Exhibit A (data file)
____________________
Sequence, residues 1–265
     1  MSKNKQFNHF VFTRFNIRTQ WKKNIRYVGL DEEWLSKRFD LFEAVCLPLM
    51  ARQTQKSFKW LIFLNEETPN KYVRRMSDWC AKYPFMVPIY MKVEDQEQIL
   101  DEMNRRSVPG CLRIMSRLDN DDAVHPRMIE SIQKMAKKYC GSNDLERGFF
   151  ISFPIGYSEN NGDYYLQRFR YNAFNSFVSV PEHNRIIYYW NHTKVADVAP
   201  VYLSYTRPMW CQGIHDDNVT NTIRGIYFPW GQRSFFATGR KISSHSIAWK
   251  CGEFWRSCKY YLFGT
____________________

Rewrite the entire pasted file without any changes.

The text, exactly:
Sequence, residues 1–265
     1  MSKNKQFNHF VFTRFNIRTQ WKKNIRYVGL DEEWLSKRFD LFEAVCLPLM
    51  ARQTQKSFKW LIFLNEETPN KYVRRMSDWC AKYPFMVPIY MKVEDQEQIL
   101  DEMNRRSVPG CLRIMSRLDN DDAVHPRMIE SIQKMAKKYC GSNDLERGFF
   151  ISFPIGYSEN NGDYYLQRFR YNAFNSFVSV PEHNRIIYYW NHTKVADVAP
   201  VYLSYTRPMW CQGIHDDNVT NTIRGIYFPW GQRSFFATGR KISSHSIAWK
   251  CGEFWRSCKY YLFGT